them running me down to scoop out my brains like
I’m their personal pudding cup.
There’s this one zombie I see almost every
morning. He’s usually dribbling his coffee and
eating a doughnut.
“Do zombies eat doughnuts with their fingers?”
you might ask.
No. They usually eat their fingers separately.
The school crossing guard? She can stop traffic
just by holding up her hand. With her other hand.
Are there really zombies on my way to school
every morning?
Of course there are! But only inside my head.
Only in my wild imagination. I guess you could
say I try to see the funny side of any situation. You

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h a p t er 2
should try it sometime. It makes life a lot more
interesting.
So how did I end up here in this zombified

C
suburb not too far from New York City?
Well, that, my friends, is a very interesting
story.…
A Stranger in an Even
Stranger Land

I moved to Long Beach on Long Island only a


couple months ago from a small town out in the
country. I guess you could say I’m a hick straight
from the sticks.

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To make my long story a little shorter, Long For instance, if you hit your local bully with
Beach isn’t my home, and I don’t think it ever will a pretty good joke, he or she might be too busy
be. Have you ever felt like you don’t fit in? That you laughing to hit you back. It’s true: Punch lines can
don’t belong where you are but you’re sort of stuck actually beat punches because it’s pretty hard for
there? Well, that’s exactly how I feel each and every a bully to give you a triple nipple cripple if he’s
day since I moved to Long Beach. doubled over, holding his sides, and laughing his
Moving to a brand-new town also means I have head off.
to face a brand-new bunch of kids, and bullies, at
my brand-new school.
Now, like all the other schools I’ve ever attended,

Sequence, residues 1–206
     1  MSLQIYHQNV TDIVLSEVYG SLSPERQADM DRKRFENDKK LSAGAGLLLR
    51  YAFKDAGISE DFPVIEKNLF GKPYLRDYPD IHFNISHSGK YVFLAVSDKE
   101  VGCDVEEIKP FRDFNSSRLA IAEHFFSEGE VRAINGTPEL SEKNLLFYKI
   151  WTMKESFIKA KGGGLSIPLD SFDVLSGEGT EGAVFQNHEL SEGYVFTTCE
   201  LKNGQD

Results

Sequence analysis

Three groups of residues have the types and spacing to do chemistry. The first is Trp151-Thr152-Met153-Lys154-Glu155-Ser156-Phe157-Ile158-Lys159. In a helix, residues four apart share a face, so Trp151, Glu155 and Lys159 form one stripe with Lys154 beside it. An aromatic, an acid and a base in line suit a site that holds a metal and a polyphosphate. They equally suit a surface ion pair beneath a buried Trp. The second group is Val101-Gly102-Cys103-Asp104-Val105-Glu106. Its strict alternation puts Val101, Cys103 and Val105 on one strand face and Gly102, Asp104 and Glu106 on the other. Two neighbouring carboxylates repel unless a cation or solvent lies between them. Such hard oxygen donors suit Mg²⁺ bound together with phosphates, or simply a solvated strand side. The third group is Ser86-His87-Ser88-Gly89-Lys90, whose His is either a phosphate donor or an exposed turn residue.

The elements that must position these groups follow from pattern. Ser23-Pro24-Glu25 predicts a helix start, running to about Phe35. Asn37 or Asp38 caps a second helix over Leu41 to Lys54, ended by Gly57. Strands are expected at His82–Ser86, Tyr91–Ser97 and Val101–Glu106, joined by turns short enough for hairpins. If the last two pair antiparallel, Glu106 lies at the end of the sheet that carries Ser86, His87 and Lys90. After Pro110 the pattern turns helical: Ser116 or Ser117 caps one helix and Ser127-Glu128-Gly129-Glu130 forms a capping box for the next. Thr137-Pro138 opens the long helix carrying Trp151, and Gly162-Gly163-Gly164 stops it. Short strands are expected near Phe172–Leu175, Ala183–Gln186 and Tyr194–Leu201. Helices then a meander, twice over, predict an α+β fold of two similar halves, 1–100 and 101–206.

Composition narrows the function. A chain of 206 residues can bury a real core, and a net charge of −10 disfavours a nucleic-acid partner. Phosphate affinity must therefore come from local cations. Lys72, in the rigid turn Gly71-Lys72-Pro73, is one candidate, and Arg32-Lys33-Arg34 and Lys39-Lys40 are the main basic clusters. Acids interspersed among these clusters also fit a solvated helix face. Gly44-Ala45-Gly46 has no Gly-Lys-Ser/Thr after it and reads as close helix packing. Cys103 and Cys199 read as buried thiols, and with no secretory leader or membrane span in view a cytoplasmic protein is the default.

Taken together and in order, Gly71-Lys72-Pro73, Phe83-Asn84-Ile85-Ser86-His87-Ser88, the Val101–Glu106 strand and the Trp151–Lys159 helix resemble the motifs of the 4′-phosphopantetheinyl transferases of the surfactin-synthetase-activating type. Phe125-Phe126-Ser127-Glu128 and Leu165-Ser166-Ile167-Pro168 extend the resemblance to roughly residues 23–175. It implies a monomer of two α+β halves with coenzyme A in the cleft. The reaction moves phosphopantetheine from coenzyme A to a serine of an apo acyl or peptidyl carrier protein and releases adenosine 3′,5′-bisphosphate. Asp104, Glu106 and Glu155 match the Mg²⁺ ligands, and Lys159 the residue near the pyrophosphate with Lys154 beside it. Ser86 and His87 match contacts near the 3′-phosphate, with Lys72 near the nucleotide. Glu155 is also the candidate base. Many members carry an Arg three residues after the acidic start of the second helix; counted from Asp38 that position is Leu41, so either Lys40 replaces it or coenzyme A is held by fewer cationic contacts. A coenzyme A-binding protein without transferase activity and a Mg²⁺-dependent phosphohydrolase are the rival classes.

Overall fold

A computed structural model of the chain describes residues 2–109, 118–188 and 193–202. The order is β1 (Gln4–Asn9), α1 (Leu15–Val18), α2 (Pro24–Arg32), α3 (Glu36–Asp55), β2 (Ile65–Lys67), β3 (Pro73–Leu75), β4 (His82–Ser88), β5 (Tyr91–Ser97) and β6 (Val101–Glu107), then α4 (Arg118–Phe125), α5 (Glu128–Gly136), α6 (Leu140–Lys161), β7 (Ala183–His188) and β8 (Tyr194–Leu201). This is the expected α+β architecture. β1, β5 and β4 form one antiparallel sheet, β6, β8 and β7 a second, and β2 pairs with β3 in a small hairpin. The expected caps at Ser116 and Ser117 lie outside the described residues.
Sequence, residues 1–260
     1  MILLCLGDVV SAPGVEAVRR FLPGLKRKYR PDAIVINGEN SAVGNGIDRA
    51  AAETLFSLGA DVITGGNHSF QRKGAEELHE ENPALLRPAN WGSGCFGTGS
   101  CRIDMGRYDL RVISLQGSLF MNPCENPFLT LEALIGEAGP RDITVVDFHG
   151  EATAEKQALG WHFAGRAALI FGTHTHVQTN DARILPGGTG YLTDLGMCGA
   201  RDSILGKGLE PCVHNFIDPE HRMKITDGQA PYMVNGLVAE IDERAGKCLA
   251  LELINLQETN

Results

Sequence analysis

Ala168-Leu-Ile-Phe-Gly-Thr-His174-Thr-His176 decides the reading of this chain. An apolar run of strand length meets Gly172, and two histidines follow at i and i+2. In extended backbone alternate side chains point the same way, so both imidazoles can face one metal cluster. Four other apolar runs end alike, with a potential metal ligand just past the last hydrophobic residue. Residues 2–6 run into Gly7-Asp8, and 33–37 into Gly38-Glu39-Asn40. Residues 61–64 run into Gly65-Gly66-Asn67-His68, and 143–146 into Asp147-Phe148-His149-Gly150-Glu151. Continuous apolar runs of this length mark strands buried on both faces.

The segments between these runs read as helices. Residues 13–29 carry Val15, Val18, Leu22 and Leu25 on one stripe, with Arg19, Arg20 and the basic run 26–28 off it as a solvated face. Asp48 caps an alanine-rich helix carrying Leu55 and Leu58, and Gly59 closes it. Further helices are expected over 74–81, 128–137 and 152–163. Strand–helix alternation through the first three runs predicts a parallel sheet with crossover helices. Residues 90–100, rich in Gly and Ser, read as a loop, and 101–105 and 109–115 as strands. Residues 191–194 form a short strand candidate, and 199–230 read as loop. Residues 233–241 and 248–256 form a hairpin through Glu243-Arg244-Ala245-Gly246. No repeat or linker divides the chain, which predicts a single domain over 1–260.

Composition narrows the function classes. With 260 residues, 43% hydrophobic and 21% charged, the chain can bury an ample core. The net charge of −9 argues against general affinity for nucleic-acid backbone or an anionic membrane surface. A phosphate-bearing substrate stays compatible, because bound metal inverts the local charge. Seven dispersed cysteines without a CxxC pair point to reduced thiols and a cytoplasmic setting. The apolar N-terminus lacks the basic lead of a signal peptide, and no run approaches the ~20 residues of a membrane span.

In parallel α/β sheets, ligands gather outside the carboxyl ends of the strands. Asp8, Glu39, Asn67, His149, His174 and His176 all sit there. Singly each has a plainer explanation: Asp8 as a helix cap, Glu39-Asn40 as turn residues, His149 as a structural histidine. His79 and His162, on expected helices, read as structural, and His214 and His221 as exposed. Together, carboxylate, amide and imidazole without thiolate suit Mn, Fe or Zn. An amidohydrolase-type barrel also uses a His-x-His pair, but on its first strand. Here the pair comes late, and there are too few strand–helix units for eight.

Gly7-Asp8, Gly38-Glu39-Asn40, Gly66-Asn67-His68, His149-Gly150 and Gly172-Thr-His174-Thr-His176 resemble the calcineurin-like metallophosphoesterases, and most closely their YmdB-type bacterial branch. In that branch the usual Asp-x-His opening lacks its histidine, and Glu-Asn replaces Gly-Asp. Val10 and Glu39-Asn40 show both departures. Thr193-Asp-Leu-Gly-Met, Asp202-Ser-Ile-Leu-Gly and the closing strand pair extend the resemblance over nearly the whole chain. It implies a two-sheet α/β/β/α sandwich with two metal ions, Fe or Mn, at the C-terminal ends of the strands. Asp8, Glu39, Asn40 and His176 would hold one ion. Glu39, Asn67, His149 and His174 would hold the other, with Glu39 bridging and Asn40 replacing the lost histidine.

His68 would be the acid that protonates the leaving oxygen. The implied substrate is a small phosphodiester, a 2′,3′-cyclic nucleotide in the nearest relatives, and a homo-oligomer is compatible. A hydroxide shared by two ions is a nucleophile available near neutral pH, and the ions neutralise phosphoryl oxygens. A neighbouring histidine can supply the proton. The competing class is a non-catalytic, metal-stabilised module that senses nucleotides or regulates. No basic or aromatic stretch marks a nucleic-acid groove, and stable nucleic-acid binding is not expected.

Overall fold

the hallways of Long Beach Middle School are
plastered with all sorts of no bullying posters.
There’s only one problem: Bullies, it turns out,
don’t read too much. I guess reading really isn’t a
job requirement in the high-paying fields of name-
calling, nose-punching, and atomic-wedgie-yanking.
You want to know the secret to not getting beat
up at school?
Well, I don’t really have scientific proof or
anything, but, in my experience, comedy works.
Most of the time, anyway.
That’s right: Never underestimate the power of a
good laugh. It can stop some of the fiercest middle-
school monsters.

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h a p t er 3
So every morning, before heading off to school,
just make sure you pack some good jokes along
with your lunch. For instance, you could distract

C
your bully with a one-liner from one of my all-time
favorite stand-up comics, Steven Wright: “Do you
think that when they asked George Washington for
ID, he just whipped out a quarter?” Jamie to the Rescue!
If that doesn’t work, go with some surefire

O
Homer Simpson: “Operator! Give me the number
for 9-1-1!” f course, my new school gives me all sorts of
All I’m saying is that laughing is healthy. A terrific opportunities to test my “anti-bullying”